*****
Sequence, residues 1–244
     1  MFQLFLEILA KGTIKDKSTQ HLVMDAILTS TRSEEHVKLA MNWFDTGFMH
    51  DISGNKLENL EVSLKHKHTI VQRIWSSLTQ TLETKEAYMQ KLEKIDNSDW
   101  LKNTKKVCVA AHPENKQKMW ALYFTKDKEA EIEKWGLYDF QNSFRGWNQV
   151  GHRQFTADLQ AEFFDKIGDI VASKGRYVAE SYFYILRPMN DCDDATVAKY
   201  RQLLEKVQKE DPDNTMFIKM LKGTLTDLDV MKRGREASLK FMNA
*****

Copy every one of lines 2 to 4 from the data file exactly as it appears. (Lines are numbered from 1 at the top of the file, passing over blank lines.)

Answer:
     1  MFQLFLEILA KGTIKDKSTQ HLVMDAILTS TRSEEHVKLA MNWFDTGFMH
    51  DISGNKLENL EVSLKHKHTI VQRIWSSLTQ TLETKEAYMQ KLEKIDNSDW
   101  LKNTKKVCVA AHPENKQKMW ALYFTKDKEA EIEKWGLYDF QNSFRGWNQV